The real racing starts today near the mouth of Ogden Canyon, with this deceptively difficult mountain route. Facing two steep climbs, riders will find keeping their attention on the race will be especially challenging given the stunning canyon scenery. Looping through the high-mountain valley that surrounds Pineview reservoir, the route ascends a steep, winding, two-lane road to Snowbasin Ski Resort, site of the 2002 Olympic downhill ski events. The course then rolls along through the emerald ranches and farms of Morgan Valley, climbing to East Canyon Dam and reservoir. At this point, slightly more than halfway through the stage, riders now face the toughest climb of the day and one of the most difficult of the entire race, Big Mountain. Rising almost 2,000 feet in just over six miles, this climb is guaranteed to separate the climbers from the pack, breaking the peloton apart in time for a final fifteen-mile downhill dash to the line in University of Utah Research Park.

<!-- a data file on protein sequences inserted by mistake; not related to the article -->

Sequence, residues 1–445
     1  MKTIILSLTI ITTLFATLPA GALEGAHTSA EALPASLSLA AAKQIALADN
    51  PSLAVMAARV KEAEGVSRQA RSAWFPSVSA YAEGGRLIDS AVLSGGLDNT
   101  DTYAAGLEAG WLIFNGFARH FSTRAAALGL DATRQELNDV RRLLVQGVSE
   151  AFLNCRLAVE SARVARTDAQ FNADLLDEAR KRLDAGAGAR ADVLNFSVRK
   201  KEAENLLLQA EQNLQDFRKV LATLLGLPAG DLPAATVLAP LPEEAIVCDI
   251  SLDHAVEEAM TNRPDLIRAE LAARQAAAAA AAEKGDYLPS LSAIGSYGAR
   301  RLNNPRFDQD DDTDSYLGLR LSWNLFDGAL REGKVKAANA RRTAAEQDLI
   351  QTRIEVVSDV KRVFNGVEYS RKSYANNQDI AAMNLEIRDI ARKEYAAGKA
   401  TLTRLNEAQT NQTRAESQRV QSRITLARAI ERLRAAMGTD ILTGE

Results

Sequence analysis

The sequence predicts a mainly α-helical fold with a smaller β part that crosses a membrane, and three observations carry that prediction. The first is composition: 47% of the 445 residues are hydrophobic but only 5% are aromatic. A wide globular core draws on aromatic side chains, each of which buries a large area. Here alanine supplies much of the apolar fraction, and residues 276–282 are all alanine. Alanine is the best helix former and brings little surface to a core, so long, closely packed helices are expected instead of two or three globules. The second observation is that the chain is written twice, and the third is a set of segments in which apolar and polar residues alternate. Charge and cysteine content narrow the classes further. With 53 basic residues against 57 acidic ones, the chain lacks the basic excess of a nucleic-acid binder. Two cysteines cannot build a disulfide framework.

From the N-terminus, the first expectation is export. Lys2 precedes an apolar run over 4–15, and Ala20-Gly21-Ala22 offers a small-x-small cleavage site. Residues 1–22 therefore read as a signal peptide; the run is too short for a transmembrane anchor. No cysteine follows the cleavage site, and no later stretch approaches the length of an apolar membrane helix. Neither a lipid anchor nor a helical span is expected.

Where to watch: Good spots are at mile 29 (Snowbasin) race arrival: ~12:23pm, the sprint at mile 21 (~11:57), the summit of East Canyon (~2:14 pm), the summit of Little Mountain (~2 pm), and the finish in Research Park (~2:46 pm).
Stage 1 turn by turn descriptions with arrival times.
XANGO Thanksgiving Point to Mt. Nebo Summit Road Race
Thursday, August 19
Road Race, mountain top finish
Length: 124 km (77 mi)
Start Time: 10 a.m.
Finish Time: 2 p.m.
Expo Hours: 9-10:30 a.m.
2009 Winner: Darren Lill
Beginning, as it does, on the flats east of Utah Lake, the Stage 2 profile may appear relatively benign (outside of an enormous spike over the final twenty miles.) Riders may think they will find relief from yesterday’s tough Wasatch Mountains in those first fifty miles until they start the long grind to the finish line, 4,000 feet above the low point of the course! Mt. Nebo is a classic, local climb that will bring out the mountain goats in the peloton: the slightly-built, ectomorphs whose power-to-weight ratios qualify them as freaks of nature. They’ll need it all, as this climb seems never to end! The overall will surely begin to take shape after this amazing stage.